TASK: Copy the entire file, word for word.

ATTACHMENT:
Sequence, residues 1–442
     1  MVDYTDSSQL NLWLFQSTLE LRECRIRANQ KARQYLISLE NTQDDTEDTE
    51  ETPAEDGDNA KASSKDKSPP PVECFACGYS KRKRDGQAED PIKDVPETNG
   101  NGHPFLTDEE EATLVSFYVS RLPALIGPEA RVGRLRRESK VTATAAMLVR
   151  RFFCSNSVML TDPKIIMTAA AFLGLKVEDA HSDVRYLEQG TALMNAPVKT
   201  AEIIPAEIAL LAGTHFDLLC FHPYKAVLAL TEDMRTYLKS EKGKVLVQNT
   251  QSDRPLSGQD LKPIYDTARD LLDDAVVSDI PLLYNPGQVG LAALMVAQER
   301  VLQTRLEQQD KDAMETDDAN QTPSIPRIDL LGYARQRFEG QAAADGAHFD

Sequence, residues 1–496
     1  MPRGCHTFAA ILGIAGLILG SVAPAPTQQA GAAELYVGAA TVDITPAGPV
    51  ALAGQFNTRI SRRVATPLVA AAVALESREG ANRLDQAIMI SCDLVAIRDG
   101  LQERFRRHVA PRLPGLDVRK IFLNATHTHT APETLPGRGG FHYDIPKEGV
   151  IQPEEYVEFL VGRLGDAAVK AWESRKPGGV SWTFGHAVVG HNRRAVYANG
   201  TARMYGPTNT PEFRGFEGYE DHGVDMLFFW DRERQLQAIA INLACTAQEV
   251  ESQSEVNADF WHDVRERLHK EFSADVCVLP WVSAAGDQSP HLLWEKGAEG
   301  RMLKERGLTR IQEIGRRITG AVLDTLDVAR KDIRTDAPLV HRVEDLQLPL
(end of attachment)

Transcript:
Sequence, residues 1–442
     1  MVDYTDSSQL NLWLFQSTLE LRECRIRANQ KARQYLISLE NTQDDTEDTE
    51  ETPAEDGDNA KASSKDKSPP PVECFACGYS KRKRDGQAED PIKDVPETNG
   101  NGHPFLTDEE EATLVSFYVS RLPALIGPEA RVGRLRRESK VTATAAMLVR
   151  RFFCSNSVML TDPKIIMTAA AFLGLKVEDA HSDVRYLEQG TALMNAPVKT
   201  AEIIPAEIAL LAGTHFDLLC FHPYKAVLAL TEDMRTYLKS EKGKVLVQNT
   251  QSDRPLSGQD LKPIYDTARD LLDDAVVSDI PLLYNPGQVG LAALMVAQER
   301  VLQTRLEQQD KDAMETDDAN QTPSIPRIDL LGYARQRFEG QAAADGAHFD

Sequence, residues 1–496
     1  MPRGCHTFAA ILGIAGLILG SVAPAPTQQA GAAELYVGAA TVDITPAGPV
    51  ALAGQFNTRI SRRVATPLVA AAVALESREG ANRLDQAIMI SCDLVAIRDG
   101  LQERFRRHVA PRLPGLDVRK IFLNATHTHT APETLPGRGG FHYDIPKEGV
   151  IQPEEYVEFL VGRLGDAAVK AWESRKPGGV SWTFGHAVVG HNRRAVYANG
   201  TARMYGPTNT PEFRGFEGYE DHGVDMLFFW DRERQLQAIA INLACTAQEV
   251  ESQSEVNADF WHDVRERLHK EFSADVCVLP WVSAAGDQSP HLLWEKGAEG
   301  RMLKERGLTR IQEIGRRITG AVLDTLDVAR KDIRTDAPLV HRVEDLQLPL